On Tuesday night, Ryan Giggs will not merely hand over an armband to a repaired and re-energised Roy Keane, but also the entire weight of a club and their followers' expectation. Such is the belief that destiny has already shaped this season's Champions' League final as an engagement between the titans of Spanish and English football that the burden on the Manchester United captain would bend a lesser man.
Zinedine Zidane and Steve McManaman ensured that Real Madrid are primed to complete their side of the equation, with goals that silenced a fervent Nou Camp. But Manchester United's hold on Sir Alex Ferguson's fantasy, a triumphant march into Hampden Park on 15 May, is considerably more tenuous.
Whether it was fatigue that contributed to such bafflingly imprecise passing and a general lack of cohesion as Wednesday night's first leg progressed, or the fact that Bayer Leverkusen's industry did not allow them to establish their anticipated dominant patterns of play, United never gave the impression that they would overcome the German side as Arsenal had done at Highbury in February. Their build-up, normally so studiously inventive, was punctuated by error. Juan Sebastian Veron looked uncomfortable in David Beckham territory, and Giggs discovered nothing like the freedom to supplement Ruud van Nistelrooy through the middle that he had against Chelsea last Saturday. Nicky Butt tackled tigerishly, but he is essentially a holding player, not the creative force he seemingly desires to become in Keane's absence.
For as much as Ferguson derides those who dare criticise his rearguard, specifically Laurent Blanc, he must privately yield that United remain fallible to the swift thrust down the flank. In the authoritative Michael Ballack, whose goal was converted with nonchalance, being almost dug out of the turf on the half-volley, Oliver Neuville, scorer of the second, and Dimitar Berbatov, Leverkusen have more than sufficient talented finishers to exploit that United weakness.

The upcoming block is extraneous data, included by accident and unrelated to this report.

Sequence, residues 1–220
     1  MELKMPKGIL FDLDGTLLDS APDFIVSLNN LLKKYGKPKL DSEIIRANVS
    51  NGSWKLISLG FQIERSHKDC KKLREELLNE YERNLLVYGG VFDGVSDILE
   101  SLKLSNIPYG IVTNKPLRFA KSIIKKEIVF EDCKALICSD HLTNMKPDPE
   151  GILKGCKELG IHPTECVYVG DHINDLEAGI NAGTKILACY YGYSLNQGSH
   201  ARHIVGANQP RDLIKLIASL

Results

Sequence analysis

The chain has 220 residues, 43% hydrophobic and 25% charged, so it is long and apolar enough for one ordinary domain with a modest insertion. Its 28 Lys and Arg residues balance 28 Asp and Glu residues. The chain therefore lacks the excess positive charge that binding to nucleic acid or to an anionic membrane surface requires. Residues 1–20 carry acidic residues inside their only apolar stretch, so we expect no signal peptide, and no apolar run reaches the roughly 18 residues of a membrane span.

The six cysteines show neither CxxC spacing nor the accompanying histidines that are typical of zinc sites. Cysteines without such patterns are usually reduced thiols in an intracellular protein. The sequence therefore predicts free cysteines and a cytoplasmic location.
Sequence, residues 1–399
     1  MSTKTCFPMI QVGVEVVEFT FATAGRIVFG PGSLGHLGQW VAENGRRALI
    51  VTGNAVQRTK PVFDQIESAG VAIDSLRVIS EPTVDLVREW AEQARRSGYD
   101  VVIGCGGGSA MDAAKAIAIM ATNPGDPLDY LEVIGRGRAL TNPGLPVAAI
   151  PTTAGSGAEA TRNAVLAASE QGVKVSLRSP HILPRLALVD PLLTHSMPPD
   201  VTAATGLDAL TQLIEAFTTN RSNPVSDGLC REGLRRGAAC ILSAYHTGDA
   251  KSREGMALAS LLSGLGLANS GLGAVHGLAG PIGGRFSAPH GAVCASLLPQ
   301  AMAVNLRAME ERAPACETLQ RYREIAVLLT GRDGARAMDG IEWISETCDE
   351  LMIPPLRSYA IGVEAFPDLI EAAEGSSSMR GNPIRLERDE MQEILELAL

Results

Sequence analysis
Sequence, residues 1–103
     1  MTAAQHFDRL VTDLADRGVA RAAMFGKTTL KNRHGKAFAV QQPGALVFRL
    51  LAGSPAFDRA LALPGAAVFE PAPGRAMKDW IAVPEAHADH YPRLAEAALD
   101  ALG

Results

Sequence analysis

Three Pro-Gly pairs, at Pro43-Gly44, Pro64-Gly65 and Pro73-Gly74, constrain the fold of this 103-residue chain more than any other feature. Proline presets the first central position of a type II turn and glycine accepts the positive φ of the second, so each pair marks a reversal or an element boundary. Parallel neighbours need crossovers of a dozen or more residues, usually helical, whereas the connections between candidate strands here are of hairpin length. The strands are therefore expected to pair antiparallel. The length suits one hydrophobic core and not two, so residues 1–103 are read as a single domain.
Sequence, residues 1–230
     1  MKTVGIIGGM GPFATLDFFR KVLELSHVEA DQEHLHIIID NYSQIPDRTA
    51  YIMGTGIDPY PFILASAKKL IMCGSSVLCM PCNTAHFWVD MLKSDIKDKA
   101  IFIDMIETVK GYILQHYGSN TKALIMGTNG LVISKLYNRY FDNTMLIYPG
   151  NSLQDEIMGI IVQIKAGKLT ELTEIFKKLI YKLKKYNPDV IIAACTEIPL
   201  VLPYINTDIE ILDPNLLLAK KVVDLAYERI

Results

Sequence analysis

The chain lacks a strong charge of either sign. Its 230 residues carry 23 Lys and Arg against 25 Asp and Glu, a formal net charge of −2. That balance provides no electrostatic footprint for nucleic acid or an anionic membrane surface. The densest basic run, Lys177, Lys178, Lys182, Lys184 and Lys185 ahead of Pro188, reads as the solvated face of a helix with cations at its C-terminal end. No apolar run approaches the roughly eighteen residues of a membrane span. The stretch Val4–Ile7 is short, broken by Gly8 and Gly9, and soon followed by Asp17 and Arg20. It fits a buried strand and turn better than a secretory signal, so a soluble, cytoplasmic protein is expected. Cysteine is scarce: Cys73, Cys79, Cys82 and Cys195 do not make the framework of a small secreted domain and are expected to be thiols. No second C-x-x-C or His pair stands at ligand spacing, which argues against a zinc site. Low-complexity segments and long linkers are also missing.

Considering what damage Leverkusen inflicted on Liverpool's miserly defence at the BayArena, where the German club have been defeated only once in the Champions' League this season, the one certainty is that it will not finish scoreless on Tuesday night.
As Giggs, always candid, observed: "We can't play much worse than we did tonight; but 1-0 wasn't a bad scoreline for us at half-time. If it had ended that way, it would have been a great result. We always seem to do it the hard way at this club. But when we've got to do it, we usually produce."
He added: "They're a good team. They deserved their goals in the second half. We tried to catch them on the break, but we didn't really hang on to the ball and they were straight back at us. Like all German teams, they're strong physically. They pack the midfield and they've got strong lads at the back."
Throughout Wednesday's second half, Leverkusen swelled in confidence and their fans began to assail their United counterparts with their version of "You only sing when you're winning". Yet, psychologically, the legacy of that appearance by Keane, only the briefest of encounters admittedly, but sufficient for him to impede the goal-bound progress of Ze Roberto, will be a scintilla of doubt in the German psyche. …